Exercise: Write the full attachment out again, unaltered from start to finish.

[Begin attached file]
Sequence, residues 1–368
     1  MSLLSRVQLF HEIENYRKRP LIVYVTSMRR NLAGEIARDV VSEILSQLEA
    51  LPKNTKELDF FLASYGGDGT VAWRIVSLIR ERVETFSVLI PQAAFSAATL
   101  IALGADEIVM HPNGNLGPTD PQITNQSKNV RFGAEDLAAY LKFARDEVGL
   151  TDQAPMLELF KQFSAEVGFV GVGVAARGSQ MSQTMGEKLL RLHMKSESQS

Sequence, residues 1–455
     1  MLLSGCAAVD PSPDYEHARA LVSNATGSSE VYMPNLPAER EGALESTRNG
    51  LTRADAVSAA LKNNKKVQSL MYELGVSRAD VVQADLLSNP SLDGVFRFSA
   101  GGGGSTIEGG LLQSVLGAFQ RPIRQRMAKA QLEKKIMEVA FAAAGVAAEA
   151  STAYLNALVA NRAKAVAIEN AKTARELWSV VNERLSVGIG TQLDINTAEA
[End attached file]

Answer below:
Sequence, residues 1–368
     1  MSLLSRVQLF HEIENYRKRP LIVYVTSMRR NLAGEIARDV VSEILSQLEA
    51  LPKNTKELDF FLASYGGDGT VAWRIVSLIR ERVETFSVLI PQAAFSAATL
   101  IALGADEIVM HPNGNLGPTD PQITNQSKNV RFGAEDLAAY LKFARDEVGL
   151  TDQAPMLELF KQFSAEVGFV GVGVAARGSQ MSQTMGEKLL RLHMKSESQS

Sequence, residues 1–455
     1  MLLSGCAAVD PSPDYEHARA LVSNATGSSE VYMPNLPAER EGALESTRNG
    51  LTRADAVSAA LKNNKKVQSL MYELGVSRAD VVQADLLSNP SLDGVFRFSA
   101  GGGGSTIEGG LLQSVLGAFQ RPIRQRMAKA QLEKKIMEVA FAAAGVAAEA
   151  STAYLNALVA NRAKAVAIEN AKTARELWSV VNERLSVGIG TQLDINTAEA